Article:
The company does not have a stated policy of distributing a fixed percentage of earnings by way of dividend in any year. Rather, in fixing a dividend for any year it considers a number of factors including current and forecast earnings, internal capital requirements, growth options, availability of tax credits and the company's debt equity position. The company aspires to ensuring a dividend record that means the amount of the dividend is at least maintained and, where circumstances permit, is increased.
In February 2011, Fletcher Building changed its approach to allocating New Zealand imputation credits and Australian franking credits to its dividends. The new approach took effect from the 2011 interim dividend payment.
Under the new approach, Fletcher Building will alternately frank and impute successive dividends to the maximum extent possible. This will mean that:
Further, if any surplus Australian or New Zealand tax credits are still available after fully franking the interim dividend or fully imputing the final dividend for that year, these will also be distributed to shareholders as circumstances permit.
The new approach improves the tax effectiveness of the company's dividend, and in the absence of mutual recognition of tax credits between Australia and New Zealand helps to minimise the wastage of tax credits for shareholders. It also provides shareholders with greater certainty in relation to the company's tax crediting position.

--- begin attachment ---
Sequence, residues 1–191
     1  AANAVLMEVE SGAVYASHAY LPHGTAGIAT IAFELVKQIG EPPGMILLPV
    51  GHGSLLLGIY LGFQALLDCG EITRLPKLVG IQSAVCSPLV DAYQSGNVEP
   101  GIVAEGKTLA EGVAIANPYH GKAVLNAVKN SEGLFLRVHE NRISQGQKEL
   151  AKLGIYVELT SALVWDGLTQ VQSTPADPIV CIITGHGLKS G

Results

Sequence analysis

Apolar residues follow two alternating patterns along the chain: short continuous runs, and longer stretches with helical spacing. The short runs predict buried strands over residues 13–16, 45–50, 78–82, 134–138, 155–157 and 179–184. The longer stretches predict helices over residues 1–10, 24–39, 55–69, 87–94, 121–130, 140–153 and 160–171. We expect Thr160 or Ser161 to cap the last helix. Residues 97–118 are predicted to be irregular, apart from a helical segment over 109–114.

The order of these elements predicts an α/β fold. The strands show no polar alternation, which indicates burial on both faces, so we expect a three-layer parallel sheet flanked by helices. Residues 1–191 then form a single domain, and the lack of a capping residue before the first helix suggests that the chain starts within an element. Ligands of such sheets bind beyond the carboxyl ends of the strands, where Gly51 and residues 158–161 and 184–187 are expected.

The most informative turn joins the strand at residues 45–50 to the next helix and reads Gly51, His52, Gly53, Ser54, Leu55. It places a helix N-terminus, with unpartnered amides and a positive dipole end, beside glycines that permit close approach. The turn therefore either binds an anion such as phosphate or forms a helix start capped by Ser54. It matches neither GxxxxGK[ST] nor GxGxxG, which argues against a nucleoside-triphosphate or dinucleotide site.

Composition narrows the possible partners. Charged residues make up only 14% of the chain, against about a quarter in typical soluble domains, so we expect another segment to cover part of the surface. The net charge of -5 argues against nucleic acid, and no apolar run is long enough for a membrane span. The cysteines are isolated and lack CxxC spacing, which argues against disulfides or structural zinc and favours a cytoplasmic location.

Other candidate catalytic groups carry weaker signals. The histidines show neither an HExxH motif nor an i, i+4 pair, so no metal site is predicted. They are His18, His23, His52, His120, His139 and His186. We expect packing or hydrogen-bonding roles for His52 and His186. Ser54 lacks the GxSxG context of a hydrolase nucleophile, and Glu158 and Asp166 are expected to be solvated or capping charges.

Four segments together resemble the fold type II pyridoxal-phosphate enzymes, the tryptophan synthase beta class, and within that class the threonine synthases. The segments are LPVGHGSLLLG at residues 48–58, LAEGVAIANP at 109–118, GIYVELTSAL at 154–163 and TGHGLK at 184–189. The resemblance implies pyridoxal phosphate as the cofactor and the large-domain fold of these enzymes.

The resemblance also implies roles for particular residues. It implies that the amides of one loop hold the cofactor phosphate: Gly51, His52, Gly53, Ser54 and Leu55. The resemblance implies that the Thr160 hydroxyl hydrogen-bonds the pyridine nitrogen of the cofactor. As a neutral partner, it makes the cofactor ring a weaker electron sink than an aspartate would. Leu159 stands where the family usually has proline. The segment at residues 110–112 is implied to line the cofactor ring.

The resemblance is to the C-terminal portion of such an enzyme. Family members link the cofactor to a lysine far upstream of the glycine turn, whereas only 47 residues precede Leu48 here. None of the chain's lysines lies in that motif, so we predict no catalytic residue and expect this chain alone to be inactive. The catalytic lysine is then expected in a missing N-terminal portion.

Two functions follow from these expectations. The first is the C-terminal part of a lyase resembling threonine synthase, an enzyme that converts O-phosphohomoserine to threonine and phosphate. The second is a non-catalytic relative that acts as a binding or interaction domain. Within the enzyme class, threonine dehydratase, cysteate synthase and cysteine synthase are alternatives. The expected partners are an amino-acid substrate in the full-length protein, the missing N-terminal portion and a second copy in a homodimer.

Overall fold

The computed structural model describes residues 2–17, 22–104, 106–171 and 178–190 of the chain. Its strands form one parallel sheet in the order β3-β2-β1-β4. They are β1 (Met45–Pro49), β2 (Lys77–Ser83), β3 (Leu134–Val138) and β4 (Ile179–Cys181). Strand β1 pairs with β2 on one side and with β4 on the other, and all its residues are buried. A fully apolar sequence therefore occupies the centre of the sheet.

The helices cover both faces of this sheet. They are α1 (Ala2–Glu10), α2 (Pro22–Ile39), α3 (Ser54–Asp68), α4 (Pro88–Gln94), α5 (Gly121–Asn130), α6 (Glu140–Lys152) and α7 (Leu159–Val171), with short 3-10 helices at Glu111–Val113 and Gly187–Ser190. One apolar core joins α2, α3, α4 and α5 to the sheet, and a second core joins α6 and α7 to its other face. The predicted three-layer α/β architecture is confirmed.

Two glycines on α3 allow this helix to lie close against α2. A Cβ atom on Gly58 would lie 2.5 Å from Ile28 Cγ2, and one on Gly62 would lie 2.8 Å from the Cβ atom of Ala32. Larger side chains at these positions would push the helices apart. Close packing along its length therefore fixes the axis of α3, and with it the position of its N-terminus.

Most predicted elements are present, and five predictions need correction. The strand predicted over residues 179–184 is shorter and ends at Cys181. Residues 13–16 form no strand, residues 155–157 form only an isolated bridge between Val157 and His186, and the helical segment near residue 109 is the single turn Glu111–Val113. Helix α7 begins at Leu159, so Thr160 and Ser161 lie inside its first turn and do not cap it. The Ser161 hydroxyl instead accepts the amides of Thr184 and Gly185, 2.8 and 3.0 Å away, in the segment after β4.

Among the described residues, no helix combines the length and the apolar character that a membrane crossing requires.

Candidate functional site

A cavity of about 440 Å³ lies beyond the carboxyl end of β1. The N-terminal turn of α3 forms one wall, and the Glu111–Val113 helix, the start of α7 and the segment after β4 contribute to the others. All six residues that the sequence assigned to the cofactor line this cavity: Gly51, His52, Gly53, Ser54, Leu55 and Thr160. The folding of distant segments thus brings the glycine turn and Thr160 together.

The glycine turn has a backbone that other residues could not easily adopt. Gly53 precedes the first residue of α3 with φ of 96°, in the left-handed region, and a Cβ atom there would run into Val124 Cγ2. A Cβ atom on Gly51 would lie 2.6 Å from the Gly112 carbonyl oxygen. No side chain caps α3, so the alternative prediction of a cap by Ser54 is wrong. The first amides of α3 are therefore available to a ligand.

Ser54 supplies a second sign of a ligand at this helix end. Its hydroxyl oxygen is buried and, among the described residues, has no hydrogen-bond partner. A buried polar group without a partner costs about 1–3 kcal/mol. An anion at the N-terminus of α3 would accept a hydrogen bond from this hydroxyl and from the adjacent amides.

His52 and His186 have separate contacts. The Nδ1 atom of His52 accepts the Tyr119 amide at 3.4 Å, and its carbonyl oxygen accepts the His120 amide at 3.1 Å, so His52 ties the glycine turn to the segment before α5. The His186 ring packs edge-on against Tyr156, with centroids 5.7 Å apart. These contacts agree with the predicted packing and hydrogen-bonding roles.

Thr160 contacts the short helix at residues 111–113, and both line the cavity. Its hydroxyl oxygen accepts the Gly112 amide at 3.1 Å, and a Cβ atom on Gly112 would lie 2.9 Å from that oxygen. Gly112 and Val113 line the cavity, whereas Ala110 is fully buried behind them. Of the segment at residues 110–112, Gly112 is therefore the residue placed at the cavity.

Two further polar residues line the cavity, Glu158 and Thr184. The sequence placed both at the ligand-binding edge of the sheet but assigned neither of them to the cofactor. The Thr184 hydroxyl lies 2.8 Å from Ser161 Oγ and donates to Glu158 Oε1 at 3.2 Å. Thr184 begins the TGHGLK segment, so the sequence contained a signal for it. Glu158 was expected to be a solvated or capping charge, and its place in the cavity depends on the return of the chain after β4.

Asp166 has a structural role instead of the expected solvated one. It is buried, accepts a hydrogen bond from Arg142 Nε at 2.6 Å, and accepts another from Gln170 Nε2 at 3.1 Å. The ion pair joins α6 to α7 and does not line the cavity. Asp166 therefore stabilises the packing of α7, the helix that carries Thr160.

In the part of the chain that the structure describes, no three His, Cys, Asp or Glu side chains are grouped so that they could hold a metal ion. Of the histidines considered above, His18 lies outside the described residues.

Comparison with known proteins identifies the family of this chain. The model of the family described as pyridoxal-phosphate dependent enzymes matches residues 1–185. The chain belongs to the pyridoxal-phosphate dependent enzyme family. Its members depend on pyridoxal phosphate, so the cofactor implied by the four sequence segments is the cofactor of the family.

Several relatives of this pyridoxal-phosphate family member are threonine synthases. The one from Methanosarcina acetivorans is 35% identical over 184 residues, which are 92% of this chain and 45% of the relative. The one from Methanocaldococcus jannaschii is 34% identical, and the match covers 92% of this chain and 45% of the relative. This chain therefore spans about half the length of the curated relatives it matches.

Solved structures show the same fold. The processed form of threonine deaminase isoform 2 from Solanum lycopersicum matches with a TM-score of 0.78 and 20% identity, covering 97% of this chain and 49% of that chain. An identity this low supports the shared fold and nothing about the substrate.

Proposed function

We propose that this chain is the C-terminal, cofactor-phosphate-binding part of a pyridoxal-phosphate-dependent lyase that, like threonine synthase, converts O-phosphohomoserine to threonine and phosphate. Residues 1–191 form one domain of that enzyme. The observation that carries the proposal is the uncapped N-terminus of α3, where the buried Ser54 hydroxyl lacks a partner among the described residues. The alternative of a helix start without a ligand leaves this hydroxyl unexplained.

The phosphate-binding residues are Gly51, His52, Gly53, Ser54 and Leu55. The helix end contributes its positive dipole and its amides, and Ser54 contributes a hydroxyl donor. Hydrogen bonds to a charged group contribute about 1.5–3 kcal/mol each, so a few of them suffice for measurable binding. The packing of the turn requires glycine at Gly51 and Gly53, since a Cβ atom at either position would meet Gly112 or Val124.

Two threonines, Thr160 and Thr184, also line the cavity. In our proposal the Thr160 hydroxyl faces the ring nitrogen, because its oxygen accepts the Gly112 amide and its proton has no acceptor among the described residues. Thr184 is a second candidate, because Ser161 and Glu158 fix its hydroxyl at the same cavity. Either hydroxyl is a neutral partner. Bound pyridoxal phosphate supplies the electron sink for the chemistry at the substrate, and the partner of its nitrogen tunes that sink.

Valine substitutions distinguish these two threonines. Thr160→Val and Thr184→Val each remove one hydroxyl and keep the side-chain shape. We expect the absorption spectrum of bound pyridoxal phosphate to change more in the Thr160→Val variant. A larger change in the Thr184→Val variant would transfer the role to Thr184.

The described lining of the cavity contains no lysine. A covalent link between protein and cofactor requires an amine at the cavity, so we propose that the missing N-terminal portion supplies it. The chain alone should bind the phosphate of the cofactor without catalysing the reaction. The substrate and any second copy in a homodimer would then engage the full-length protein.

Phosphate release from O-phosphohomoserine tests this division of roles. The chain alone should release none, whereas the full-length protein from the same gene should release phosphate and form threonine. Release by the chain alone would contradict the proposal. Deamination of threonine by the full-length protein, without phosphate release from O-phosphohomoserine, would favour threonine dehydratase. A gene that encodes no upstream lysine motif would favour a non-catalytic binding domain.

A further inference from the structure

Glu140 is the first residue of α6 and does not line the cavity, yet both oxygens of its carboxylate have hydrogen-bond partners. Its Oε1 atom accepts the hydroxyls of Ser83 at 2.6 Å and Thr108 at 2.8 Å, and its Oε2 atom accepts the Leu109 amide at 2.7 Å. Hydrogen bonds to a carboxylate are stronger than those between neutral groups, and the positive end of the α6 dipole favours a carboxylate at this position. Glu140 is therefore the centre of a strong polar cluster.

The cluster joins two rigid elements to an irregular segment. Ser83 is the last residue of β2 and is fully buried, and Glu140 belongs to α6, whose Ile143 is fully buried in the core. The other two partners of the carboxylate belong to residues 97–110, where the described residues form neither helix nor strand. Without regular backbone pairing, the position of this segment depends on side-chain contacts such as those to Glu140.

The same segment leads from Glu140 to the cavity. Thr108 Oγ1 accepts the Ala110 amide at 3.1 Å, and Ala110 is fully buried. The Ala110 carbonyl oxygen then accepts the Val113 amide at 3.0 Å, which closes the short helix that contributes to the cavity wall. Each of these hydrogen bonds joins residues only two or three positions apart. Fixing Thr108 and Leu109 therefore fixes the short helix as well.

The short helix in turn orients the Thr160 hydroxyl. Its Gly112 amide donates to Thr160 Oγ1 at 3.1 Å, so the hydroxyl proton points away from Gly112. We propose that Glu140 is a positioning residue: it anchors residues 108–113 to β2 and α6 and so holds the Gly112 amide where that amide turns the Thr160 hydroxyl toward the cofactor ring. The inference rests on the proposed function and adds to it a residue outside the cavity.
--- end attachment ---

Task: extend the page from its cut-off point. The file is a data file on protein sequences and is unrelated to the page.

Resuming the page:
New Zealand and non-resident shareholders (other than Australian residents) who maintain the same shareholding throughout the year are expected to receive the same after-tax return as would be the case with spreading the imputation credits over the interim and final dividends equally. The after-tax cash received from each dividend will be different due to the imputation credits available for that year being allocated principally to the final dividend.
Australian shareholders will benefit from the increased tax effectiveness of this approach. Where the interim dividend is fully franked, and the final dividend of the same amount is fully imputed, this will equate to an after tax return of approximately 91% of equivalent fully franked annual dividends of an Australian company.
Australian and other non-New Zealand shareholders will benefit from the supplementary dividend paid to non-resident shareholders to the extent the dividend is imputed. Supplementary dividends are paid to non-New Zealand shareholders to offset the economic cost of New Zealand non-resident withholding tax paid on dividends and may enable the shareholder to claim a tax credit in their home jurisdiction for this New Zealand non-resident withholding tax.
With a high proportion of Fletcher Building's earnings now being derived from New Zealand and Australia, this alternate tax crediting approach provides the most efficient way for the company to provide tax credits to shareholders. It is an approach that is expected to be maintained in future years, subject to legislative and other changes in either jurisdiction, and will be introduced irrespective of the final outcome of the company's current takeover offer for Crane.
Notwithstanding the dividend policies above, and subject to the limitation on dividends in respect of Fletcher Building shares, the board of directors of Fletcher Building has an absolute discretion to change its intentions, to increase or reduce dividends, to authorise dividends at different rates in respect of different classes of Fletcher Building shares, or to authorise no dividends at all on any of all classes of Fletcher Building shares.
Fletcher Building can give no assurance about the level of dividends, if any, or the level of taxation credits attached to dividends.